14th December 2021

On Tuesday 14th December Orleton and District Gardening Club held its annual AGM at Orleton Village Hall.  The Chairman and Committee were re-elected and the Treasurer gave a favourable financial report.  Usually the formal business of the evening is concluded swiftly so that members can enjoy a shared supper.  However because of Covid the club was unable to do this and instead was pleased to welcome David Griffiths and Maurice Bracher, who judge our annual show, to share some useful showing tips. During the talks a selection of drinks and nibbles was served.

It had been felt that club members were often diffident about entering their plants and produce, feeling that these were not “good enough”.  David, who judges our vegetables and is Chairman of Bodenham Gardening Club, told us that the Village Show is the most important date in that village’s diary, it shows what residents are capable of. This was certainly borne out by the pleasure shown by visitors to ODGC’s August show.  He emphasized that members must not judge their produce at home, they are often too critical and they must read the schedule.  For example a class may indicate a selection of vegetables, these must be uniform in colour and size.  He told members that he picks up each vegetable to inspect for damage and in the case of runner beans to ensure that a bean is not missing inside the pod.

David advised talking to other gardeners in order to improve and although size is not always important, selective breeding in onions for example can increase this dramatically.  Tips for growing vegetables specifically for showing included starting off carrots in the greenhouse in February and protecting against carrot fly with Enviromesh and members were told that courgettes are quite an easy show vegetable for beginners and should be 4 inches long with a flower on the top. Produce grown specifically for showing should be treated differently to that destined for the kitchen, it should be given a prime site and fed well.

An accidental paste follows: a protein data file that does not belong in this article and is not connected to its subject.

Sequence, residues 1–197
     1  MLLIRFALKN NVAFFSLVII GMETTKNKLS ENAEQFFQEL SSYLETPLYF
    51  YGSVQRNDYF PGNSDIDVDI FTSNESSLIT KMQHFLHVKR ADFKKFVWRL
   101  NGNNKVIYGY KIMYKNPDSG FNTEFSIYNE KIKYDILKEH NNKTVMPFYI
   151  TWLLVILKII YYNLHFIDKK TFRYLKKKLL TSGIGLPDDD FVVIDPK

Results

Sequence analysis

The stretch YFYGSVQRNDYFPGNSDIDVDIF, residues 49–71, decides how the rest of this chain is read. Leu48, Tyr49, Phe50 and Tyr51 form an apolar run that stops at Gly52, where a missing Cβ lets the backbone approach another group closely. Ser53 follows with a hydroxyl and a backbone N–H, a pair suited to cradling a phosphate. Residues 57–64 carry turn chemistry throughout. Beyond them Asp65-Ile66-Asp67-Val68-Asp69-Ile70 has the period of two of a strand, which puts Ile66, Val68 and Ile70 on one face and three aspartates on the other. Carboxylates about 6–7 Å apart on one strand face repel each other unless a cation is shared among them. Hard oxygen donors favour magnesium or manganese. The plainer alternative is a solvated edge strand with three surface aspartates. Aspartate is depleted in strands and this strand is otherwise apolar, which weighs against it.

He stressed the importance of “having a go” and amused the club by telling us that after a lifetime of not cooking circumstances had forced him to take up cooking and after trial and error had gained a first prize for his jam tarts at his local show!

Maurice Bracher, who has judged ODGC’s cut flower and ornamental classes for many years, also emphasized the importance of reading the schedule.  He starts by eliminating the worst first.  Regarding cut flowers the more flowers out the better the exhibit and that if a member knows the name of a variety it should be put on the label.  The club learned that unfortunately there is no honour among gardeners and that when Maurice started judging an old hand advised him to carry a magnet as some exhibitors of gladioli are not above insinuating extra flowers by attaching them to piano wire which is then threaded through the stem!

Maurice told us that long stems on sweet peas are ideal and that, faced with two sweet pea exhibits with the same quality of flower he would choose the one with the stronger scent

  He also had a tip for the stewards, that if an exhibitor has inadvertently placed an exhibit in the wrong class it can only be moved with permission from the exhibitor.

The club is affiliated to the RHS and must follow its rules.  With regard to this both speakers stressed the importance of reading the schedule and also the importance of not judging exhibits at home.  It is apparent from the excellent plants which are generously donated to the annual Plant Sale that members have great horticultural expertise.  Hopefully more of them will be inspired and encouraged to enter the next August Show.

                                                                                                            Ghislaine Arundale